Yesterday, the ACLU of Colorado announced a settlement with Jefferson County, Colorado, authorities over a free speech case at Dakota Ridge High School.
When Blake Benson, a junior at Dakota Ridge, learned that Michelle Obama was coming to speak at his high school on November 3, 2008, the day before national presidential election, he and a couple of friends decided to make their political views heard. (After all, it's not every day that a 17-year-old high school student has the opportunity to express his political opinion in view of hundreds and surrounded by television cameras.) Blake, who supported John McCain for president, came to school with a few yard signs, intending to peacefully express his political views to the masses gathered outside the school for Michelle Obama's speech.
When school administrators took away the yard signs, declaring them a distraction, Blake was undeterred and hastily taped a "Nobama" sticker to the front of his T-shirt. Blake went outside to stand on the patio near the school entrance, where one of his friends handed Blake another yard sign (message to would be free-speechers: come prepared). The small group stood peacefully near the school entrance, expressing their views to the crowd and media gathered for the event.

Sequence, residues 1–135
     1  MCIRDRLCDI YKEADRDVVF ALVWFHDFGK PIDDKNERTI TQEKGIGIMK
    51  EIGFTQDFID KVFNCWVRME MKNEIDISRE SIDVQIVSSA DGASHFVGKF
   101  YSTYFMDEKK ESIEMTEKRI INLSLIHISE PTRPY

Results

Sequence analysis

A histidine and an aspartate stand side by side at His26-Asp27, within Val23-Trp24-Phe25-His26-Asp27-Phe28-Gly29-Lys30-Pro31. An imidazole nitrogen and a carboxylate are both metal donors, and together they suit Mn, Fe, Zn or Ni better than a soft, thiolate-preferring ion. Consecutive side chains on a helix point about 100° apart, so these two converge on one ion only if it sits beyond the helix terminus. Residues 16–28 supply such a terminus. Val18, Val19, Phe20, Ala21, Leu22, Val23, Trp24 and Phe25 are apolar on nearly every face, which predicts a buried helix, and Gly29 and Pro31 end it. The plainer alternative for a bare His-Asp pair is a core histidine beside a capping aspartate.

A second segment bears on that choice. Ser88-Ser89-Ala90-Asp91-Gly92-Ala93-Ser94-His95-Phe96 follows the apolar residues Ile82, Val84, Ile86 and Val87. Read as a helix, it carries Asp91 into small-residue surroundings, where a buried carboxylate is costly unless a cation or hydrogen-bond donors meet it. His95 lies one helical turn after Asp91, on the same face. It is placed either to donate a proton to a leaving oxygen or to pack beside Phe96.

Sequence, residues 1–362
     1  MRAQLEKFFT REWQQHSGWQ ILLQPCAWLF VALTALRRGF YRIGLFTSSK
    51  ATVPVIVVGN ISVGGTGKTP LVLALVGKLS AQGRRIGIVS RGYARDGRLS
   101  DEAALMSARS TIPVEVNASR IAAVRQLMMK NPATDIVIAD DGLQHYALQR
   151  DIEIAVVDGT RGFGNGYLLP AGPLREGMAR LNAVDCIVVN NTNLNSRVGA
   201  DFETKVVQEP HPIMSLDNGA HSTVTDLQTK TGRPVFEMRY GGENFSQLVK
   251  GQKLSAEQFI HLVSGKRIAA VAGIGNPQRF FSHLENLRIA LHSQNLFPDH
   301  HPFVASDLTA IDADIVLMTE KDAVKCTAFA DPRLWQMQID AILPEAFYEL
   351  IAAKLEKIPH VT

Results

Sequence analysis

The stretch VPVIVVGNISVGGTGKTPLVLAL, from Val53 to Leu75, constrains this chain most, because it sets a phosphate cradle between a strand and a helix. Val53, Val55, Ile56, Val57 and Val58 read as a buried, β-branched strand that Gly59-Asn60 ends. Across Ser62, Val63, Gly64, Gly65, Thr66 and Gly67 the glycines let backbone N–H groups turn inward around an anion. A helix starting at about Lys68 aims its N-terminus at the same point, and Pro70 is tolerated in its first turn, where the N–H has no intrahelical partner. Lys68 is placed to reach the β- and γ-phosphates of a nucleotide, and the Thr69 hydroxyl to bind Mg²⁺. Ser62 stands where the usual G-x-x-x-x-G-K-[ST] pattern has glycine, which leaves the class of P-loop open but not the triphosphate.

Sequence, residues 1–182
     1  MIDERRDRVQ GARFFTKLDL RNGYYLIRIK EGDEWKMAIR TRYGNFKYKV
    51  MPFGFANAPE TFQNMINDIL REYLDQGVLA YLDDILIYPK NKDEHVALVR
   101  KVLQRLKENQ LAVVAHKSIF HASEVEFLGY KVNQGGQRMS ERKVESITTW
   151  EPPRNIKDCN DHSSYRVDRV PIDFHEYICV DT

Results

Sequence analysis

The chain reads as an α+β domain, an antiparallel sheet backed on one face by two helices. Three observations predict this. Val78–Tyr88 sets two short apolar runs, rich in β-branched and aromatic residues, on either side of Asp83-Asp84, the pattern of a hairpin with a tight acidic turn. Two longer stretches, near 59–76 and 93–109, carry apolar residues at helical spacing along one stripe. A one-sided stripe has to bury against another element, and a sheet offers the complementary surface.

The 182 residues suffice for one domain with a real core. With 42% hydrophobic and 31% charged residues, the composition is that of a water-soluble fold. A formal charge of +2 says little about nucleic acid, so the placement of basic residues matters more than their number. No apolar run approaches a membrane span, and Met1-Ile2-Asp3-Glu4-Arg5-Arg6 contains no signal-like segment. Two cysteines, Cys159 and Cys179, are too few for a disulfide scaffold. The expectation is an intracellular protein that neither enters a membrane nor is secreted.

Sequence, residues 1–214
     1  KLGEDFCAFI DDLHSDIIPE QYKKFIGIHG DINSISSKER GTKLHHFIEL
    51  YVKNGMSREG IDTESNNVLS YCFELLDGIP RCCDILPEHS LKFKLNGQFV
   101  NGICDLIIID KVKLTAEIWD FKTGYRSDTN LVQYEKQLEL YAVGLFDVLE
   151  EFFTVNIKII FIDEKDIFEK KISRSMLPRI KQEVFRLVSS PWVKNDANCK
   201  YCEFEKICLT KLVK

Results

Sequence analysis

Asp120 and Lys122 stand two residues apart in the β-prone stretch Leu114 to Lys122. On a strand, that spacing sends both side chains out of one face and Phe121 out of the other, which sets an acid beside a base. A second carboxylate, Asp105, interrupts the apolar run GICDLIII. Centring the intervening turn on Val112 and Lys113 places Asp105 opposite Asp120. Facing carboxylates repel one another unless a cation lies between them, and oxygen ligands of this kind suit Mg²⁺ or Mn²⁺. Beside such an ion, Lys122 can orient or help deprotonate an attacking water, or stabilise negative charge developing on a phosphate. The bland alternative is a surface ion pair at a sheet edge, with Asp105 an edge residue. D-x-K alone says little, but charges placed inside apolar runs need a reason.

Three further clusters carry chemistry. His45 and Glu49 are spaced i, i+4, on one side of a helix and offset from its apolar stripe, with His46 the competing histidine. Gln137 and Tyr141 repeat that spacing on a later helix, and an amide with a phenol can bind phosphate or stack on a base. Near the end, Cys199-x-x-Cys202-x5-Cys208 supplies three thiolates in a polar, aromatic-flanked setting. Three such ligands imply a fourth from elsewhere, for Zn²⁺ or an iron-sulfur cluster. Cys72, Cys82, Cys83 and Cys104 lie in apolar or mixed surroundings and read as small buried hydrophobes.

As it turns out, Dakota Ridge High School high school officials were determined to teach Blake a lesson about the First Amendment that day, but it wasn't the right lesson. The Denver Post reports:
According to the ACLU, Dakota Ridge school officials told Benson to leave. When he refused, officials had Benson handcuffed, searched and arrested for interference — a charge that carries up to six months in jail and a $750 fine.
The high school principal, James Jelinek, made no bones about why he had Blake arrested and why, after the arrest, he gave Blake an in-school suspension:
Benson was also given a one-day suspension by principal Jim Jelinek. In his notice of suspension, Jelinek stated the reason was that "Blake was directed to cease politically protesting on school grounds," said the ACLU.
"Politically protesting" on school grounds? That struck us as being a lot less like a disciplinary matter, and a lot more like quintessential student free speech. Blake and his parents contacted the ACLU of Colorado, which then contacted the county and school district attorneys. The case was settled without litigation. The school eventually erased the suspension from Blake's school record, the sheriff's department dropped the criminal charges and disciplined the arresting officer, and yesterday we announced a $4,000 settlement had been reached on Blake's behalf. Truth be told, Blake probably would have preferred to just be able to express his views on the presidential election, but by standing up for students' free speech rights, he was ultimately able to deliver a different kind of message:
What my teachers taught me about our constitutional rights wasn't respected outside the classroom," said Mr. Benson. "If one thing comes from this case, I hope it is that other students will learn more about their free speech rights and not be afraid to use them.
We think educators should encourage civic involvement and political discourse. In this case, Dakota Ridge officials get an "F" in civics. We hope they'll improve their marks the next time around.